Hitler was not a man of half-measures, as we know. When he hated he went (insanely) far with it. So rather than being just “oppositional” Hitler went all-out to conquer Stalin’s Russia. Had Hitler decided to complete his conquest of France and Great Britain and then consolidate all around his expanded borders and give time for further military development: he might well have succeeded in defeating Stalin and Russia. Instead, he went berzerker and launched an invasion his own commanders knew couldn’t be logistically supported for more than a few months.


Lee Thé, works at Retired/working on a Novel
Answered Jul 13, 2014

I suspect that Stalin thought Hitler was mentally unbalanced. Stalin was a brutal tyrant and paranoid to boot but he died of old age–a sign on the face of it that he was more in touch with reality than Hitler was, who died in early middle age after biting off way more than he could chew militarily. Stalin never did that.

Stalin also probably was responsible for more people’s death than Hitler was, so I’m not defending him. I just think he was more a sociopath than a psychopath.


Quora User, works at Philadelphia Insurance Companies
Answered Apr 16, 2016

Stalin admired Hitler’s strength as a leader that was able to stand up to the West and rebuild and transform his military. He admired Hitler’s ruthlessness in eradicating his enemies in such a brutal way-just like he did in the 1930’s against the Kulachs and then the Soviet military. There are interesting similarities between these 2 madmen: both were born in 1889 and had a strong and loving relationship with their Mothers and both were beaten by their fathers multiple times. Neither trusted each other fully up to the beginning of the war. Stalin had been making plans to invade Germany but not until 1942 or 43. Germany needed to strike first before the Russians had sufficient time to maximize their strength in both men and materials. Both countries in the late 1930’s were making huge improvements to their military. Despite that, after the Soviet-German Non-Aggression Pact in 1939, allowing Hitler to invade Poland, Stalin complied fully to the terms of the agreement until June 22, 1941 when Germany invaded his country. It took 3 weeks before Stalin was able to recover from his unwillingness to accept the German invasion before he started to make decisions. The reason Hitler committed suicide in his bunker in April 1945, was his fear of being captured by the Russians and having Stalin humiliate him in public. Stalin wanted more then anything to capture his fellow dictator alive and put on a show trial in Moscow.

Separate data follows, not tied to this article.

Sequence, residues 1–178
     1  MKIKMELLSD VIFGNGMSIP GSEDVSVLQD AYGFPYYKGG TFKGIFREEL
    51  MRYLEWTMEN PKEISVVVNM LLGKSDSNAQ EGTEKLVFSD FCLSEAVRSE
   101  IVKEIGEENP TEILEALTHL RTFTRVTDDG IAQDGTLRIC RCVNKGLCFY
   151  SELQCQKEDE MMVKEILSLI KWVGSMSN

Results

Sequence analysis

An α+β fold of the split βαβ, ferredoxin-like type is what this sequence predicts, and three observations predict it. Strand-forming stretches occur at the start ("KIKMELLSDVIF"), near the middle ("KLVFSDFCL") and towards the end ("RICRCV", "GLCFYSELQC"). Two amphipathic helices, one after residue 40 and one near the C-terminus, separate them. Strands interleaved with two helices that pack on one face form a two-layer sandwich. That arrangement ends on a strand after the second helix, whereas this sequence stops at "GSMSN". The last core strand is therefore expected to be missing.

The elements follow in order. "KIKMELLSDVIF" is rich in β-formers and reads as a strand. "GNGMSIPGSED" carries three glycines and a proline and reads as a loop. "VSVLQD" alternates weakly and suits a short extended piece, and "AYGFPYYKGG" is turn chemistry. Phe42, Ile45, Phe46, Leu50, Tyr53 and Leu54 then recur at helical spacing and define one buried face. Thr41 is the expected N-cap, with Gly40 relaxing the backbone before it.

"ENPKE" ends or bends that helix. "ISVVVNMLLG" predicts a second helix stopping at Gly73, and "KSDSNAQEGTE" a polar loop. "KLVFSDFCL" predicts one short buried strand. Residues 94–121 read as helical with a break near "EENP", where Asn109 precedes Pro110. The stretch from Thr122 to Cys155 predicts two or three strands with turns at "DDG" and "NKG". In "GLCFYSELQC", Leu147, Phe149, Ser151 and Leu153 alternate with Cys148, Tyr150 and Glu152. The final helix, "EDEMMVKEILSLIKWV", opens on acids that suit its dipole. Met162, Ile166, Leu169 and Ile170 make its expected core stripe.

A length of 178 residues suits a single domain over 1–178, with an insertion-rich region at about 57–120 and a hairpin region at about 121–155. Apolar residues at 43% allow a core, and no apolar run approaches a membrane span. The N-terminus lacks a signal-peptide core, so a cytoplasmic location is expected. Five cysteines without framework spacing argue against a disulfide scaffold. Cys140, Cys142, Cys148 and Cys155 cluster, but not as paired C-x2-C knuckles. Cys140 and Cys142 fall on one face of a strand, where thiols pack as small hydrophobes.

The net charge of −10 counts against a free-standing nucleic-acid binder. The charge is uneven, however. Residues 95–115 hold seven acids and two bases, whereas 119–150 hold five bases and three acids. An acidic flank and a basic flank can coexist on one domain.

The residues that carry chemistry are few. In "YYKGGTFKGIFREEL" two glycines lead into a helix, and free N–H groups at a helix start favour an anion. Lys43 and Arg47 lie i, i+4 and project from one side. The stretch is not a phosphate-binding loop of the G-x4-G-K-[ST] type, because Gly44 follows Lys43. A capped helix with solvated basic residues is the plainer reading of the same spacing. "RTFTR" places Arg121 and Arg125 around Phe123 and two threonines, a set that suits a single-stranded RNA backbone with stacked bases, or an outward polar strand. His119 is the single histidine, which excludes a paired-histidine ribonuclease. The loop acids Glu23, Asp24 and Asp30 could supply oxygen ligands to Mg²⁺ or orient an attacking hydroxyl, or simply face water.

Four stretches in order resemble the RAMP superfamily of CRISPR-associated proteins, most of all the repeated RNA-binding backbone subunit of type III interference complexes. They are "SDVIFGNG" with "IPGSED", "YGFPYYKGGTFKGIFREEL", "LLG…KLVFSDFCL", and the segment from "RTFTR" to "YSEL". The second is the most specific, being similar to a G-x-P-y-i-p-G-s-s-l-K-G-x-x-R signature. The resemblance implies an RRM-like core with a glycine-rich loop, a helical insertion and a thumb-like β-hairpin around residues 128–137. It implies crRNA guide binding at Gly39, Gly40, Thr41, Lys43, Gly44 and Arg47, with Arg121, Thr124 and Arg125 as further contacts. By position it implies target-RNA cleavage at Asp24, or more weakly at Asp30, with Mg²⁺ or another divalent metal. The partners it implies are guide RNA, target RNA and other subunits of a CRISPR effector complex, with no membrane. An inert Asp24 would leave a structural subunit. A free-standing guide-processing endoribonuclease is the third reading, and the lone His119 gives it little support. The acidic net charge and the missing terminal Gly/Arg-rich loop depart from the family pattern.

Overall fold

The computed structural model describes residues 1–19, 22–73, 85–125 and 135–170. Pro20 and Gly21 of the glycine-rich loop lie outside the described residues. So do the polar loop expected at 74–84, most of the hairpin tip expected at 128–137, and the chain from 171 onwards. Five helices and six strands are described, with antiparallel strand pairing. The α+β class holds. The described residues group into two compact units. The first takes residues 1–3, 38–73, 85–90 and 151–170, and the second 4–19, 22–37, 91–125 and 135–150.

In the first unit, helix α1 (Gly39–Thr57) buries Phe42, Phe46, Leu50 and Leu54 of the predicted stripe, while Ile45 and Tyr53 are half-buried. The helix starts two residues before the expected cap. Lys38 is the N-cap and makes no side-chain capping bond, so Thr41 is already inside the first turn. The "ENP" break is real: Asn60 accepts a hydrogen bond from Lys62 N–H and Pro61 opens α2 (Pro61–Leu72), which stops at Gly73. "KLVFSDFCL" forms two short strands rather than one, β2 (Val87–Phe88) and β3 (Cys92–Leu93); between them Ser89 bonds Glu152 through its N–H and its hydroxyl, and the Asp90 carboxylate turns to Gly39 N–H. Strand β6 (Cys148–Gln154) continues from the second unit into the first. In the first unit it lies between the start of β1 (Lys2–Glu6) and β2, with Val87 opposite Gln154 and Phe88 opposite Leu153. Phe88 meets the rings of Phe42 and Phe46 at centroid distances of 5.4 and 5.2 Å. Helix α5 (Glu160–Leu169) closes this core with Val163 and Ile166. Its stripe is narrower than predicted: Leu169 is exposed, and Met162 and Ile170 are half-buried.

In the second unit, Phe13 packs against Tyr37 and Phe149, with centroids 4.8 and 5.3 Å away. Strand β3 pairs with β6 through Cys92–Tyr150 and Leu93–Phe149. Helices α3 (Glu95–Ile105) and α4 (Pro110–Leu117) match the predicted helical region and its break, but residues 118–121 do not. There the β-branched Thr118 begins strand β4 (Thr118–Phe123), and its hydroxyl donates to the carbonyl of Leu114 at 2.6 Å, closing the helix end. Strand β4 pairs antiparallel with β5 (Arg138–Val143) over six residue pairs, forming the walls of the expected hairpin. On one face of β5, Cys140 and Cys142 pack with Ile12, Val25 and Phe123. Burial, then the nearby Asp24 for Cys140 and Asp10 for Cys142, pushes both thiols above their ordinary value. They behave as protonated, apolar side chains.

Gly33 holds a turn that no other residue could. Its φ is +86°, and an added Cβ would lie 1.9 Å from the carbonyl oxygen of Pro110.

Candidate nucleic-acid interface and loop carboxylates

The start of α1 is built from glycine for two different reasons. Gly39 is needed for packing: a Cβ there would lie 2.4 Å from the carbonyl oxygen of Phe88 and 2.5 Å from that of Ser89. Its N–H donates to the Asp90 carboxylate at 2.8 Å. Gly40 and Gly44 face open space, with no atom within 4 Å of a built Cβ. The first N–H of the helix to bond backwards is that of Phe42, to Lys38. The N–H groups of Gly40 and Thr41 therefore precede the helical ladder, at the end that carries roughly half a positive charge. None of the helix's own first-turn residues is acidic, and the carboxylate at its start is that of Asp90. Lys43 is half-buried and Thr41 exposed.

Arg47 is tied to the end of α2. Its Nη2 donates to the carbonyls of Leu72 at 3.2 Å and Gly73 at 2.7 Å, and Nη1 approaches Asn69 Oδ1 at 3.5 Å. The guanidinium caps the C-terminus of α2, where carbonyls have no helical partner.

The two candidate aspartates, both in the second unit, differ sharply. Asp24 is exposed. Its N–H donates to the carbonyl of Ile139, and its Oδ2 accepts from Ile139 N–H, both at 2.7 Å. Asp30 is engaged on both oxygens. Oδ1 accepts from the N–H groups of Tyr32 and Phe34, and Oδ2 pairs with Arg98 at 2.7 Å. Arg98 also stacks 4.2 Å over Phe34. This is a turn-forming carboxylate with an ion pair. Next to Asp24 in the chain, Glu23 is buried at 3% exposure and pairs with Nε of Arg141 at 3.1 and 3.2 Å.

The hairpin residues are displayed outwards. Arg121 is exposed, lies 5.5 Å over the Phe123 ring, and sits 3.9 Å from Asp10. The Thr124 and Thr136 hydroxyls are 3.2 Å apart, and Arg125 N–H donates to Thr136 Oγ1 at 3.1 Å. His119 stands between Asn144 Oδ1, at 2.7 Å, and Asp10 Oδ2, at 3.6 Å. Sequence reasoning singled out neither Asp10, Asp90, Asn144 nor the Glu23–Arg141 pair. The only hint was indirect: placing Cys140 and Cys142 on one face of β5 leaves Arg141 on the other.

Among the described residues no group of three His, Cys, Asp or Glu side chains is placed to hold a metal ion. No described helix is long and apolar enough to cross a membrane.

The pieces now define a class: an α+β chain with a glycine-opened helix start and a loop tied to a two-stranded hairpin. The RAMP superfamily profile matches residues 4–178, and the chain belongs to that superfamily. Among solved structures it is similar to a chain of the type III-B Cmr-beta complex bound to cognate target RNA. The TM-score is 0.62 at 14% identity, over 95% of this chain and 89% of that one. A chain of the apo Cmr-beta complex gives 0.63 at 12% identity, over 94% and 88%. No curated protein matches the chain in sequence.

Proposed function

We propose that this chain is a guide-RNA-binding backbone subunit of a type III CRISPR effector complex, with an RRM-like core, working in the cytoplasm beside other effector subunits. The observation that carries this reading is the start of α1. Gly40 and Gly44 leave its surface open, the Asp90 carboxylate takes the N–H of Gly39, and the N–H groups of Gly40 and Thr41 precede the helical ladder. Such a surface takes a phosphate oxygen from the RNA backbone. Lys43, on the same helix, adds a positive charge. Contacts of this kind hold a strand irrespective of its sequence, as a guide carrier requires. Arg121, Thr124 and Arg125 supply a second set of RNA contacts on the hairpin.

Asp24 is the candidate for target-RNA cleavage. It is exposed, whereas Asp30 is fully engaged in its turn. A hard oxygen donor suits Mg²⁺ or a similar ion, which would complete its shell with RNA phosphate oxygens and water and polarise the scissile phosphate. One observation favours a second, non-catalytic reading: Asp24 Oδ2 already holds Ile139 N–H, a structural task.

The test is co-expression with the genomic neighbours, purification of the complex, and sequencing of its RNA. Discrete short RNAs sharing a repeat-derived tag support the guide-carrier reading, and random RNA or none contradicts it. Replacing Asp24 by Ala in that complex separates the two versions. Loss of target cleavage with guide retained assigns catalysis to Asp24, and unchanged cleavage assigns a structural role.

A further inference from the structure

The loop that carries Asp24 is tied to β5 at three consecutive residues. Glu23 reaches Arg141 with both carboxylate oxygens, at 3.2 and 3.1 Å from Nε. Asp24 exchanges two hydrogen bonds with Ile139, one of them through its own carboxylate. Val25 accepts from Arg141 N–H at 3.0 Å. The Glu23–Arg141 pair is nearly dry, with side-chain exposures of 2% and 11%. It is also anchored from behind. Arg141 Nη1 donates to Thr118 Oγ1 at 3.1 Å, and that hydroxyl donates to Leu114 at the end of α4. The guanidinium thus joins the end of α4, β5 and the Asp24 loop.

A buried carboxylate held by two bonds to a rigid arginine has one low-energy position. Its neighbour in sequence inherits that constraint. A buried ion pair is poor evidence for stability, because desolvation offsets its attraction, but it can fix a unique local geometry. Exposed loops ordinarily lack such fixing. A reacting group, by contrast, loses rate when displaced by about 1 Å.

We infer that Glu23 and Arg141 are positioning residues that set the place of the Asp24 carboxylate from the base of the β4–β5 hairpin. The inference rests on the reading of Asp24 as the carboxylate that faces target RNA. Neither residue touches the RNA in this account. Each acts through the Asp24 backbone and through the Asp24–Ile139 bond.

Quora User
Answered Aug 23, 2013

They’ve hated each other. Mind you, fascists and communists hate each other, despite very near-identical leadership styles, and bloodthirsty laws.

Stalin and Hitler had signed a Non-Aggression Pact in 1939, but it was soon to be broken after Germany’s invaded Russia as part of Operation Barbarrossa, in 1941. It was only a matter of time. You can’t expect two killers to like each other, regardless of how equally sociopathic they both are.

The pact was merely to mutually gain parts of Poland and trade oil, which would then be back to being traded for with Scandinavian nations.


Alexey Shestov